Coronavirus: UAE reports 1,992 Covid-19 cases, 2,169 recoveries, 7 deaths
The new cases were detected through 232,901 additional tests.
The UAE Ministry of Health and Prevention on Sunday reported 1,992 new cases of the Covid-19 coronavirus, along with 2,169 recoveries and 7 deaths.
The new cases were detected through 232,901 additional tests. The total number of cases in UAE as on March 14 are 426,397 while total recoveries stand at 405,647. The death toll rises to 1,395.
The UAE has conducted over 33.8 million tests till date as part of the country's massive screening programmes to combat the spread.
Since the advent of the pandemic, mass testing has been widely adopted in the UAE as a critical public health strategy to detect and prevent infections. Clinical trials are current underway in Dubai to assess the accuracy of Covid-19 breath analysers that can detect the presence of the virus within seconds rather than hours. The trials are being conducted for 2,500 patients. The breath test is non-invasive and is unlikely to cause any discomfort, as the person is only required to breathe out generally into the device.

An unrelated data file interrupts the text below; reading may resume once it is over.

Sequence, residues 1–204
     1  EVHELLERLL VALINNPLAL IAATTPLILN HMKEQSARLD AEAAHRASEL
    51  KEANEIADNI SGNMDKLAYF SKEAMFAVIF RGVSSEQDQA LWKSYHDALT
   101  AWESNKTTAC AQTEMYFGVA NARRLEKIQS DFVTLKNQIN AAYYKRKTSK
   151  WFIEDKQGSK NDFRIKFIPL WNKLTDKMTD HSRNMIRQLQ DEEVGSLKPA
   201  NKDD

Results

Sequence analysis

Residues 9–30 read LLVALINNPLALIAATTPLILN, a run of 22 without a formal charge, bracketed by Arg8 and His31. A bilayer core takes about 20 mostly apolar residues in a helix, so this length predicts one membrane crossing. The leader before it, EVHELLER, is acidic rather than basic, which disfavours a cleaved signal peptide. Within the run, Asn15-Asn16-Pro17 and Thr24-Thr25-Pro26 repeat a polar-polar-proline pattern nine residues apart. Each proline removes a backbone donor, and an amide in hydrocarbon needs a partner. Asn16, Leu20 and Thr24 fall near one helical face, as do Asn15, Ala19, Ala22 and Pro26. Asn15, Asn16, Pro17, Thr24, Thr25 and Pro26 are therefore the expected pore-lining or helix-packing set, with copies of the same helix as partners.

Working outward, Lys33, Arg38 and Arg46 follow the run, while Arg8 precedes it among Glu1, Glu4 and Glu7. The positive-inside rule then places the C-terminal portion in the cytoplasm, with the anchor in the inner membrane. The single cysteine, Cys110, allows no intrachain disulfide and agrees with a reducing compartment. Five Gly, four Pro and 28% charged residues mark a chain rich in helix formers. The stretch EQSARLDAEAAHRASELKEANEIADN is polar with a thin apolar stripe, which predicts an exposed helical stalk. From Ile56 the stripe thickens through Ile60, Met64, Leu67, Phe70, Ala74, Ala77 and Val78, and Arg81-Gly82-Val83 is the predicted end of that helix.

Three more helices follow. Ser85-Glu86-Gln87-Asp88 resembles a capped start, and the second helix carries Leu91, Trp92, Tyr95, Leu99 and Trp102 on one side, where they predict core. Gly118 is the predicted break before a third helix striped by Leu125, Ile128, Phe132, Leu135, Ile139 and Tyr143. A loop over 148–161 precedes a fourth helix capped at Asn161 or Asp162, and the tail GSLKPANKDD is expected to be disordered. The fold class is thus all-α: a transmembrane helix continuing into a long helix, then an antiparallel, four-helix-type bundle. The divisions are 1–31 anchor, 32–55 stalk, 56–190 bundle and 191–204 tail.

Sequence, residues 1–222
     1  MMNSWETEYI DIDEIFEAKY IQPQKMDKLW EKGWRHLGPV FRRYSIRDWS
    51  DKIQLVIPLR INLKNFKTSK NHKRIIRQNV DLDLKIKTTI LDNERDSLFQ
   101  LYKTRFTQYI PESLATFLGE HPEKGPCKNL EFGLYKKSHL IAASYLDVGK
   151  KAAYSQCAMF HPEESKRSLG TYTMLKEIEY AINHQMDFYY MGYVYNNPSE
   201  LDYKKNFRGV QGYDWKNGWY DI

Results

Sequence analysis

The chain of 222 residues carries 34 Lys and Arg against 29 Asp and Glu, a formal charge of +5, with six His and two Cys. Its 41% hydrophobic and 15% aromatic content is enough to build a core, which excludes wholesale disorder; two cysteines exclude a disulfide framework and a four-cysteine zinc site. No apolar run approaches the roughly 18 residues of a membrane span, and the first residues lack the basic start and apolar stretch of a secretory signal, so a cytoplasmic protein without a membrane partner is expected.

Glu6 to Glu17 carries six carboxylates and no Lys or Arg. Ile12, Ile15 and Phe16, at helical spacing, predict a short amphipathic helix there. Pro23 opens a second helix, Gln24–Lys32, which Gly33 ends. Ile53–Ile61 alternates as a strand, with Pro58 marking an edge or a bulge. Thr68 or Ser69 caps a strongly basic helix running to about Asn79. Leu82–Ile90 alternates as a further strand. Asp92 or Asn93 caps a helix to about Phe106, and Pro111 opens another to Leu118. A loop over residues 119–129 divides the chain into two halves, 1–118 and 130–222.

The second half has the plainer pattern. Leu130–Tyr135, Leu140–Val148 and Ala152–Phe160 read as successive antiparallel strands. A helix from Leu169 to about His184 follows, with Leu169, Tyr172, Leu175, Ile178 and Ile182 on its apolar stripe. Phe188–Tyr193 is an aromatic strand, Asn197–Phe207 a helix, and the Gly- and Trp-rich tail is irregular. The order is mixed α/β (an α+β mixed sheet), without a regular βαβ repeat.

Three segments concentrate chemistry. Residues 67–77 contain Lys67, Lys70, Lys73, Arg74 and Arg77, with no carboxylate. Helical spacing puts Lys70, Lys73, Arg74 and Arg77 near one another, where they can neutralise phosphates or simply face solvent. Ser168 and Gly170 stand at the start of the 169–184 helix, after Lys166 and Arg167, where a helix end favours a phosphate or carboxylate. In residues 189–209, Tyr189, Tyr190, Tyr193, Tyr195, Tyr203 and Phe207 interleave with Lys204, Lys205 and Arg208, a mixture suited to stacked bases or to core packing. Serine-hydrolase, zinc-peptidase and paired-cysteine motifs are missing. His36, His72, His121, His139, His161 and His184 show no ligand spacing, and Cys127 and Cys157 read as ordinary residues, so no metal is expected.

It was also announced yesterday that the private hospitals can resume elective surgeries and other wellbeing treatments that were previously suspended to protect public health, following the outbreak of Covid-19. These include resumption of procedures like cosmetic surgery or dental procedures that can be done under local anesthesia, starting today. Physiotherapy and Kairo practices can also be resumed. Meanwhile, all outpatient visits and scheduled surgeries for urgent medical conditions were already allowed earlier.
The resumption of these facilities comes after the vaccination drive in the country has picked up momentum with the number of Covid-19 recovery cases on the rise.
Meanwhile, new antibody treatments have shown promise in keeping high-risk Covid-19 patients out of the hospital, doctors in the UAE have said. Medics pointed out that while a vaccine (active immunity) prepares the immune system to battle future infections, an antibody (passive immunity) injected into a patient can immediately treat an existing SARS-CoV-2 infection. It has shown to reduce hospitalisation, emergency visits and disease progression in clinical trials.
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